hundreds of visitors gathered on the campus to see Viscount 
Alexander inspect a Guard of Honour. Then, at ten minutes to 
eleven, a procession slowly wound its way from the old Chapel 
along the curving road. It was led by the Crucifer, Norman 


M. Seagram, and the sixty member choir, resplendent in new 
blue cassocks 1 and surplices. Members of the clergy, the Gov- 
ernors and distinguished visitors were followed by the viceregal 
party, His Excellency the Governor General and Lady Alex- 
ander, accompanied by the Right Hon. Vincent Massey and the 

The last notes of the processional hymn still lingered in the 
air as the Governor General moved to the steps of the Altar and 
read the Page of Dedication from the Book of Remembrance. It 
was the prelude to the petition requesting the Bishop to con- 
secrate the Chapel and was read by the Chairman of the Govern- 
ing Body, Colonel J. W. Langmuir. With solemn beauty the 
Service of Consecration continued. Bishop Renison, soon to be 
honoured as Metropolitan of Ontario, spoke movingly in his 
sermon of "this new Canadian shrine", dedicated to the 185 Old 
Boys who had given their lives in three wars. It was an unfor- 
gettable occasion, made possible by eight hundred members of 
the T.C.S. family, a large number of whom were present. Each 
was animated by a personal vision of the brotherhood that had 
united those young men in a common purpose. There was on this 
day a special poignancy as the words of the School hymn echoed 
in the quiet air: 

"Give us a pure and lowly heart, 
A temple meet for Thee" 

The Chapel at T.C.S. has always been the focal point of School 
life and rightly so. In it the Headmasters established a tradition 
of the regular if unobtrusive practice of the principles of the 
Christian religion in the daily routine of life, believing it offered 
the best preparation for all that may happen in the future. "Some 
great convictions about the nature and purpose of human life," 
Dr. Cosgrave once told the boys, "are the only possible founda- 
tions for anything like good living. Without such standards what 
we call our civilization rapidly declines and we lapse into barbar- 
ism." The appointment of Philip Ketchum, the first layman to 
serve as Headmaster, brought no change in this fundamental 

1A watercolour painted by the Founder shows a choir at Weston dressed in blue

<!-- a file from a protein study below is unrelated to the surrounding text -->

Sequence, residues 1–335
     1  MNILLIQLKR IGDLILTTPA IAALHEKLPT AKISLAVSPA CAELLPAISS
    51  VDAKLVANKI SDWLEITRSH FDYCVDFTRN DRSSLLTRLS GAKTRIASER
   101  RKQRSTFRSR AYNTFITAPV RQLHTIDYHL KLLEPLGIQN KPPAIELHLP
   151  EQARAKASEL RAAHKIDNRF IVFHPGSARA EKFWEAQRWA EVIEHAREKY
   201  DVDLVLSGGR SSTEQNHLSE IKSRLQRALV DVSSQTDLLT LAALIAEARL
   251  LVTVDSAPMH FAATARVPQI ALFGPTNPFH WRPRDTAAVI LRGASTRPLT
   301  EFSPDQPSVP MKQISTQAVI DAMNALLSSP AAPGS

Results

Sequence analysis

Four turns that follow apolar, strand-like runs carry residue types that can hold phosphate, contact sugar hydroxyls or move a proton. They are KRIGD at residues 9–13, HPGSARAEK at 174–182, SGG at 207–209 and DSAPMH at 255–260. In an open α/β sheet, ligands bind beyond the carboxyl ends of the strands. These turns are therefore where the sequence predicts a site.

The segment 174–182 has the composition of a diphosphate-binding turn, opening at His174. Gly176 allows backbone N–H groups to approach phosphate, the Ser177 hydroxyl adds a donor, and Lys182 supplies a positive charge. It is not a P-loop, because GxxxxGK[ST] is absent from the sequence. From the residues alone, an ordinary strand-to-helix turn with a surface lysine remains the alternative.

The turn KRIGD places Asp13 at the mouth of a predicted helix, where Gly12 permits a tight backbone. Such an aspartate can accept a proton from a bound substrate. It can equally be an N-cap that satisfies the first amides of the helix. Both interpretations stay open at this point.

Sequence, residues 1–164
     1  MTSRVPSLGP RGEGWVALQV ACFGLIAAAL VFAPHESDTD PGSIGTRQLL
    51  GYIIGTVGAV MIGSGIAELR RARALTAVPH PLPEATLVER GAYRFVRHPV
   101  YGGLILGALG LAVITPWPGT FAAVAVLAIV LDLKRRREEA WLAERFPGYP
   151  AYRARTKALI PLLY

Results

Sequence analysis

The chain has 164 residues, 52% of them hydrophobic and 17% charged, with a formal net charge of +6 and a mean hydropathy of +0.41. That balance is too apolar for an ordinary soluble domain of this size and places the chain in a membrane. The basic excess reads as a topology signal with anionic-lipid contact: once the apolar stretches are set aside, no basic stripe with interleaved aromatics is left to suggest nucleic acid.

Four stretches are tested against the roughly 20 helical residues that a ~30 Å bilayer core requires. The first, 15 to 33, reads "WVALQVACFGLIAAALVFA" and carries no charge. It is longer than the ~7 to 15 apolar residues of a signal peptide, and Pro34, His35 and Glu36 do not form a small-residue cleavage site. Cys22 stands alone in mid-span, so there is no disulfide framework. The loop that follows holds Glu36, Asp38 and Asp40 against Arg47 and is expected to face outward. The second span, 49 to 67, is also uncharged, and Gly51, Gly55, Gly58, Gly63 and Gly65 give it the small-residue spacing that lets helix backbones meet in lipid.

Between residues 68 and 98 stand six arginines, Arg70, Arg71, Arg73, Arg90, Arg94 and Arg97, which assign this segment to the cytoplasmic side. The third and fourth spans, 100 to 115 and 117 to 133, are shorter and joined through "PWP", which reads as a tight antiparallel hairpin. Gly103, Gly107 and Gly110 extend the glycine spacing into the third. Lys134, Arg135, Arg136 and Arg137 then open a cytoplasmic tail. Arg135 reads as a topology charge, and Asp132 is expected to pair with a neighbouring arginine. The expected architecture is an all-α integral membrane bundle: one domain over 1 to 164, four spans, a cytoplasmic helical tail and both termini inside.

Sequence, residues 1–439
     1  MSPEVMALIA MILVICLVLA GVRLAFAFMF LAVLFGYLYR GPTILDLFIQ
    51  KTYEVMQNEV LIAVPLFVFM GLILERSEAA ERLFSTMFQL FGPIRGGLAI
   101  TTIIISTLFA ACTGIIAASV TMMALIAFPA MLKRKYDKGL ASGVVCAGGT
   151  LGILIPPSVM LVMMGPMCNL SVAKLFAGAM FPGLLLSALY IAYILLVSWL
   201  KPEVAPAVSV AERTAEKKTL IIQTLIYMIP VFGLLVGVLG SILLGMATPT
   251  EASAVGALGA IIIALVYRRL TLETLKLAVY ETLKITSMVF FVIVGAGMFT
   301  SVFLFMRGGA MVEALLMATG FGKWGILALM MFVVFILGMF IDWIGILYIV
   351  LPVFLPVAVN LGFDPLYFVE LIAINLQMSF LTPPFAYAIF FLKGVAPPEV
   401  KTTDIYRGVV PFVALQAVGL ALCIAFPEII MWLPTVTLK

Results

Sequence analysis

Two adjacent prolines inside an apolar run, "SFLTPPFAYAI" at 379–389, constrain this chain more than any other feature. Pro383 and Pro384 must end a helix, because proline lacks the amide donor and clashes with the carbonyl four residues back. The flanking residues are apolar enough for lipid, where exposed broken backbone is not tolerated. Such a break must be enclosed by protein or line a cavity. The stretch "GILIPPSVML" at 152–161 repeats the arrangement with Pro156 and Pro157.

cassocks as he imagined they might one day be. 


design. Dr. Ketchum himself often spoke in Chapel and his 
purpose was to emphasize the divine philosophy. The chaplains 
appointed by him and his successor, Angus Scott, took charge of 
the religious instruction of the School and their efforts have often 
been supplemented by distinguished members of the clergy who 
sometimes come to speak to the boys from many parts of the 

Each of the School's chaplains made his own special contri- 
bution to the religious life of the School and is remembered with 
affection for his many personal kindnesses when boys away from 
home had to learn how to live with their own private griefs. 
Their numbers have included the Rev. R. S. Tippett, the Rev. 
Norman Taylor, the Rev. Eyre Dann, the Rev. E. R. Bagley, 
Canon Lawrence, the Rev. Keith Gleed, the Rev. Keith Kiddell 
as well as the present chaplain, the Rev. Barry Baker. 

Of the visiting clergy, none, perhaps, has had a more pervasive 
influence than Dr. Cosgrave, the greatly beloved and admired 
Provost of Trinity College, Toronto. During the twenty years 
he held office and frequently after his retirement, he was a visitor 
to the School and always held his young listeners under his spell. 
Among the Old Boys, Archbishop Renison held a special place 
in the affections of the School as he responded most generously 
to the many pleas to come and speak to the boys. Though their 
visits were more rare, Bishop Frank DuMoulin, Bishop C. P. 
Anderson, Bishop C. H. Brent and Bishop L. W. B. Broughall 
received an equally warm welcome as Old Boys. Indeed, the 
School felt a special pride whenever the Headmaster introduced 
a guest preacher who had been a boy at the School. Over the years 
their numbers have included the Rev. E. C. Cayley, the Rev. 
J. Scott Howard, the Rev. C. L. Ingles, Dr. H. H. Bedford-Jones, 
Canon C. J. S. Stuart, Canon F. A. M. Smith, Canon Terence 
Crosthwait, the Rev. R. T. F. Brain, and the Rev. J. F. Davidson. 
It is significant that today, despite the greatly increased trend 
towards secularism, more Old Boys are finding their vocation in 
the Church than in any previous period. Included among them 
are John Barton, Peter Davison, John Dowker, Morse Goddard, 
Arthur Millward, Peter Slater, David Smith, Gavin White, Tom 
Wilding, and David Luxton whose father, Bishop G. N. Luxton, 


has been warmly welcomed on numerous occasions at Sunday 

From time to time, the work of the Church has been supple- 
mented by special missions to the School and these have had a 
deep influence, particularly among boys who have been attracted 
to the religious vocation. In 1947, the Rev. Father R. H. Loose- 
more of the Order of St. John the Evangelist at Bracebridge con- 
ducted a week's mission at the School, as did Father Brain in 
1951. A more ambitious and highly successful mission took place 
after the Rev. Keith Gleed became chaplain. This five-day mis- 
sion in March 1961 was conducted by the Rt. Rev. E. S. Reed, 
Bishop of Ottawa, assisted by the Rev. Bernard Barrett and the 
Rev. David Busby. The previous year the Chapel was the setting 
for a religious drama as the Company of Pilgrims of Toronto 
presented 'Christ in the Concrete City', a dynamic rendering of 
the story of the Passion in the modern idiom. It, too, was well 
received and made a unique contribution to the habit of Chris- 
tian living on which the School is so firmly founded. 

The Exciting Fifties 

While speculative, it is tempting to see in the vigorous strength 
that characterized school life in the early fifties, the effect of a